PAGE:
Friday, March 11, 2016

Friday News And Views

I liked it so much I bought one.
Back From The Dead:

I reviewed this little tail light a while back and told you all how I had it fall off a bag and how it subsequently was smashed to bits on a highway. I said I liked it so much I'd actually buy another one.

So, here it is, just as I promised.

I don't know if I adequately stated how bright the Grateful Red tail light is. I had to use my older, battery operated Bontrager Flare tail light to get by in the time between when I lost the Grateful Red and when I got it replaced. The Flare was very sub-standard in comparison. It was so much less bright and "penetrating" in its intensity that I almost didn't use it since it looked so inadequate.

In contrast the Grateful Red is like the USB rechargeable lights in its sharpness and intensity of light. It really works far better than anything I used to own and use. Again, I know many of you are all about USB stuff, but I could easily buy two Grateful Reds for the price of one of the usual suspects when it comes to USB rechargeable tail lights that are this intense. Plus, the Grateful Red has a longer run time than many of the more expensive lights.

While Planet Bike sent over the first example at no charge, I felt like this light was good enough, and reasonably priced, that I just went ahead and bought the replacement. I'm really glad that I did too.

The Fargo Brothers.
The Original Adventure By Bike Bicycle: 

The Salsa Cycles Fargo is an icon of the Salsa line up. The steel, drop bar specific 29"er has the distinction of having a long run in the Salsa Cycles line up. Only the El Mariachi has been around longer. With newer models coming and going all these years, the Fargo may seem like it is almost an antique. However; if my two riding friends I spent some time with on Wednesday are any indication, the popularity of the Fargo is only growing more every year.

Both of them were giving their Bomb Pop Blue Fargos some heady praise. I was listening in and nodding, agreeing out loud at a few points. The Fargo is an amazing bicycle. Perhaps it is the quintessential gravel/bike packing/touring machine of the gravel world. Perhaps it is nothing more than a capable chameleon that adapts to its owner's vision for whatever task they have in mind and does so easily. I cannot say which, but I do know that it is closer to the time that the Fargo will change again, or go away completely, than it ever has been. Models like Salsa's Warbird and Cutthroat point to a higher tech, carbonated future, and the steel Fargo maybe doesn't fit into that molded future vision for the brand's line.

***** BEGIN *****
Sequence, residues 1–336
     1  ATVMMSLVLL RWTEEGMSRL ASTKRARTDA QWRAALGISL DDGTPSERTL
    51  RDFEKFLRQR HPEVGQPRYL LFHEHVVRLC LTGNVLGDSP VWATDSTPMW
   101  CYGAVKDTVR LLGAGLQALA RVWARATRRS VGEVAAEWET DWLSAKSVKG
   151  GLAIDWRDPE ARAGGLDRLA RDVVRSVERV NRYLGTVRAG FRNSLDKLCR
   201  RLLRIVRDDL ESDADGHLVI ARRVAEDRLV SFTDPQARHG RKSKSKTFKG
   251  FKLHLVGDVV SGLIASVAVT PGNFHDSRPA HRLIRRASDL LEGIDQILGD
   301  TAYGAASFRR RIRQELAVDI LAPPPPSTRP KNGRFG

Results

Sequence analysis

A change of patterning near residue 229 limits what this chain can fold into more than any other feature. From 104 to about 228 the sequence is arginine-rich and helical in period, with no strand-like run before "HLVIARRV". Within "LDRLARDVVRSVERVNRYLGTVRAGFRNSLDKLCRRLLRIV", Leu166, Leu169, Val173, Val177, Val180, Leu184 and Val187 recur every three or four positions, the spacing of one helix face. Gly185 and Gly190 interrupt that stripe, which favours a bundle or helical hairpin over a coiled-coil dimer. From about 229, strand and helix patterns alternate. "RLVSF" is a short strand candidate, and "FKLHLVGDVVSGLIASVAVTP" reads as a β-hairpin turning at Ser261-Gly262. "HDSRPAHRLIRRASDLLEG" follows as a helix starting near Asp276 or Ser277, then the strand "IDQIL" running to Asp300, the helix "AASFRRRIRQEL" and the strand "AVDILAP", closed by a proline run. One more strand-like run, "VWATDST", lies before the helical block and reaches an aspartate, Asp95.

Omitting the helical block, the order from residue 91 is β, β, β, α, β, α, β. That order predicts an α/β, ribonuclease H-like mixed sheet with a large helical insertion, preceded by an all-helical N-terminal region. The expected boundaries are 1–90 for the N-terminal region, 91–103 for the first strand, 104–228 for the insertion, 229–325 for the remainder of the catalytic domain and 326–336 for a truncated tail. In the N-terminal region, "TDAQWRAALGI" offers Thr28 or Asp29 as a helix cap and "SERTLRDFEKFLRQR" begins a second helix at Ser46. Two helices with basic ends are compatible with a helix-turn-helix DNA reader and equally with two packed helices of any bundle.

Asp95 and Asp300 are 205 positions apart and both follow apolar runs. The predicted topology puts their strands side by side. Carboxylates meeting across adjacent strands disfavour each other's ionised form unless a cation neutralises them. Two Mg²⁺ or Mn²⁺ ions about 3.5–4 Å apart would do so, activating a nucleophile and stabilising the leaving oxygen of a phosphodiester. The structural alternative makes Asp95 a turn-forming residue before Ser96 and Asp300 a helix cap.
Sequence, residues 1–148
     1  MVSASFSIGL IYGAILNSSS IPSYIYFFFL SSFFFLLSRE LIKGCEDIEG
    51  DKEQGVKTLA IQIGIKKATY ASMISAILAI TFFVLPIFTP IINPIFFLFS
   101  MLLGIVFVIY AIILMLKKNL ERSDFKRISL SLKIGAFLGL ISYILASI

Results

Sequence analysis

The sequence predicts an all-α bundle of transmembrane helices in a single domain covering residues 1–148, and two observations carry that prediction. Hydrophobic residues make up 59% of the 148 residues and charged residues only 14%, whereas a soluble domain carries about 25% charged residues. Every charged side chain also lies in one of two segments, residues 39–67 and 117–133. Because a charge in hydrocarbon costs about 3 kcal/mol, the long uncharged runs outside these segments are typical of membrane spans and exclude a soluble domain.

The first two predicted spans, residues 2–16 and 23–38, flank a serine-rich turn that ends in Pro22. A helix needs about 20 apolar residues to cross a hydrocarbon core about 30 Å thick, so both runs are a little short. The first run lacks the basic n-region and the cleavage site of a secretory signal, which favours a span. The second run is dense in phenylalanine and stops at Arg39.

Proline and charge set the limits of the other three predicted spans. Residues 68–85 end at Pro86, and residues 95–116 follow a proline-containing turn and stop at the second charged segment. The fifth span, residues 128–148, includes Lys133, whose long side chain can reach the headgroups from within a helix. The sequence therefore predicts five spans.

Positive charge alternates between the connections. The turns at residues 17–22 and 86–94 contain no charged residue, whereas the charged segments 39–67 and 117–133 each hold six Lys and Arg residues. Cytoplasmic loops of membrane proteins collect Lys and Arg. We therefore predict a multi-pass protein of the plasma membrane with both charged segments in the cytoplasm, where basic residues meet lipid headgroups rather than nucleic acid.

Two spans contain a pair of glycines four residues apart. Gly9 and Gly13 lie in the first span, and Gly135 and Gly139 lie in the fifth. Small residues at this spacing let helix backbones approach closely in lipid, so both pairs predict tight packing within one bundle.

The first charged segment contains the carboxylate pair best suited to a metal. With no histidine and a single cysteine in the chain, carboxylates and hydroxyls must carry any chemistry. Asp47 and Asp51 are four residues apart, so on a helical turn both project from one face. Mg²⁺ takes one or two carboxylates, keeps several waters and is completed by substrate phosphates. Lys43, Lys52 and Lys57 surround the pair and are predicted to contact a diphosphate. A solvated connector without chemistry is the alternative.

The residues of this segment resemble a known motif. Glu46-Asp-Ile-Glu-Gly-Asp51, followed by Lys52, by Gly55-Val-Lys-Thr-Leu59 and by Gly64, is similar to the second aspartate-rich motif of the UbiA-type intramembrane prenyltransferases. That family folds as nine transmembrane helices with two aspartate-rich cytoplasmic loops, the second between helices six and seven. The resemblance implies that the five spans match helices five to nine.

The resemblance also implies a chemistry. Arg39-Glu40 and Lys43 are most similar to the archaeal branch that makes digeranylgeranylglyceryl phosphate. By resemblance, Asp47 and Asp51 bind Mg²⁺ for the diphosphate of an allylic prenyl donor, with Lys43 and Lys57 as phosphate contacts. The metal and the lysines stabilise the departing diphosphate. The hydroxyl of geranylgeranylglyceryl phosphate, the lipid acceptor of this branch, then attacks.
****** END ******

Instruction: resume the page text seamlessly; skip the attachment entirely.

If it is allowed to stay, and the Deadwood may be a model that points to that possibility, then we may see 27.5" wheels, the plus versions, most likely, be attached to a bike with the Fargo name. It would make a lot of sense. B+ wheels, with true, 3" sized tires, would roll rough terrain easily, and the Boost fork and rear end standard would make a lot of sense here as well. Then you could build up a set of lighter, nimbler 29"er wheels to take over when speed and quickness were desired over cush and flotation. I imagine a top of the line, B+ wheeled titanium Fargo. That would be a really sweet machine!

Errand machine
Big Dummy Dreams:

Yeah..... Long time readers will remember several times where I have mentioned wanting a Surly Big Dummy. It is funny, because just the other day a friend of mine quipped that he couldn't believe that I didn't already own one. Then I get home and Surly has a blog post about how to haul stuff with your Big Dummy.

It's a sign, right?

Maybe I'll finally make it happen. I should, you know. I ain't gettin any younger. If I do, my vision would be for a wide rimmed, Extraterrestrial tired, Brooks sprung saddled cargo monster with my Ergon pedals and the bags I already have on my XtraCycle moved over to the newer rig. That would be a dream Big Dummy buld.

Trouble is, it would make two other bikes I have obsolete and then what? Well, the 1X1 could move on to another shop employee's hands, because that's the deal with that bike, and the other rig? Well, it's an 80's mtb, so probably......I don't know, donate it to a poor soul? Probably. I just know I wouldn't need those two bikes if I got a Big Dummy.

Okay, that's a wrap for this week. Have a great weekend and get out and ride!


Smithhammer said...

The Warbird and the Cutthroat, while fantastic bikes, don't replace what the Fargo offers, in my opinion. They are much more specific niche bikes, while the Fargo is the 'anti-niche' bike if ever there was one. The Deadwood I test rode was an eye-opener on rocky singletrack, however, and I agree that this is where I'd love to see the evolution happen. I may not want 3" tires all time on my Fargo, but having the option, with Boost spacing, would take what is already a highly adaptable machine to the next level. I see no reason for the Fargo/Deadwood to go away - I hope Salsa doesn't either!

Exhausted_Auk said...

Get a Big Dummy! :-)

Regarding the Fargo, it would make a lot of sense to me if the Vaya were to disappear, with the Warbird and Marrakesh now in the lineup to cover all-road racing and touring. The Fargo could then revert back to its non-suspension-corrected origins to give more room in the triangle for a frame bag. With capability for 29er and B+ wheelsets, you would have a true dedicated off-road adventure machine. Of course, you could always just get a Velo Orange Piolet!

youcancallmeAl said...

with 2.25" tires and a 70 mm bracket drop, thats a pretty high bottom bracket!